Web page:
According to Real Clear Politics, head-to-head Trump v. Clinton polls have been done in 2016 in 20
The other states which Obama won but Trump outperforms Clinton are Connecticut, Iowa, Michigan, New Jersey and New York. Trump still though polls behind in all those states by margins of 9.5%, 5%, 8.6% and 21.2%. He's unlikely to win any of them in a general election contest.
So while the polling suggests Trump might win Minnesota's 10 electoral votes, the analysis shows his unpopularity is more likely to put formerly Republican states into play. Astonishingly Trump trails Clinton in a Utah head-to-head poll by 2%, a state Romney won in 2012 with 48.04% of the vote. But lest one think that was an aberration due to Utah's Mormon leanings, Trump only leads Clinton by 2% in Texas, a state Romney won by 15.79% Then you have North Carolina, a state that Romney narrowly won by 2.04% in 2012. In head-to-head polling, Trump loses the state to Clinton by 2%. And let's not forget Arizona a state Romney won by 9.06% in 2012. Trump loses it to Clinton by 3.5%. Wait another one. Trump only leads Clinton by 3% in Mississippi, a state Romney won by 11.5% of the vote.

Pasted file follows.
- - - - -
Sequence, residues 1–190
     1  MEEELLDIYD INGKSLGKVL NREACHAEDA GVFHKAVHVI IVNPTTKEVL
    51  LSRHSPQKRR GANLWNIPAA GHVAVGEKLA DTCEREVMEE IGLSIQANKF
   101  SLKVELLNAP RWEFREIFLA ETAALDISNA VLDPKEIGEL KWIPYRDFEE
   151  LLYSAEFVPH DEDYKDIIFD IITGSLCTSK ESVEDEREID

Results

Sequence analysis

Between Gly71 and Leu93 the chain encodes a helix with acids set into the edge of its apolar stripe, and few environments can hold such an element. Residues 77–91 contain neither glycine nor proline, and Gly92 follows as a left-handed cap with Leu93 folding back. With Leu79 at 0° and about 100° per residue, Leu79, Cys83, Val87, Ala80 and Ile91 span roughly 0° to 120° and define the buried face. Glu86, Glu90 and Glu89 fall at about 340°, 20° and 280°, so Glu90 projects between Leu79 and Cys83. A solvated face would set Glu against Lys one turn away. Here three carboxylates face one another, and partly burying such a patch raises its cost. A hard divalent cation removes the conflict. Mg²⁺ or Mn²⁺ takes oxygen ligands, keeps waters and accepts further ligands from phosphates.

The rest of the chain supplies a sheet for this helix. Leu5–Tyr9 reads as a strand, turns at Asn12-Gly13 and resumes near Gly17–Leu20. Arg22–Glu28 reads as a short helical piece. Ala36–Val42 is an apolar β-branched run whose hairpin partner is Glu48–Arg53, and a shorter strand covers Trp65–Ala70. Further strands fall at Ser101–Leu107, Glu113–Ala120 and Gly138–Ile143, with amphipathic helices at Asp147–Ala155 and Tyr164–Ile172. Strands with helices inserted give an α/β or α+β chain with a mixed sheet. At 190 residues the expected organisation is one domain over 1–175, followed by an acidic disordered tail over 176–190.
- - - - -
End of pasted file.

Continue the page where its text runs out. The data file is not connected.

(Note: Although Indiana hasn't had Trump v. Clinton head-to-head polling done, you can bet the Hoosier state will be competitive for the Democrats if Trump is the Republican presidential candidate.)
Further, a Trump candidacy is likely to make several toss-up or leaning Democratic states that Romney lost in 2012, even more Democratic. Examples include Florida, Ohio, New Hampshire, Pennsylvania, Virginia and Wisconsin.
Below is a table of the states where Trump underperforms Romney's 2012 numbers.
State T v. C Poll 2012 Winner 2012 Margin
The effect of Trump turning red states blue could have a devastating effect on the GOP's efforts to hold onto the House and Senate. While a Ted Cruz might not win any more electoral votes than Mitt Romney did, you can bet his candidacy would at least help the Republicans hold onto states they had in 2012 and give the GOP a fighting shot to hold onto both the House and Senate.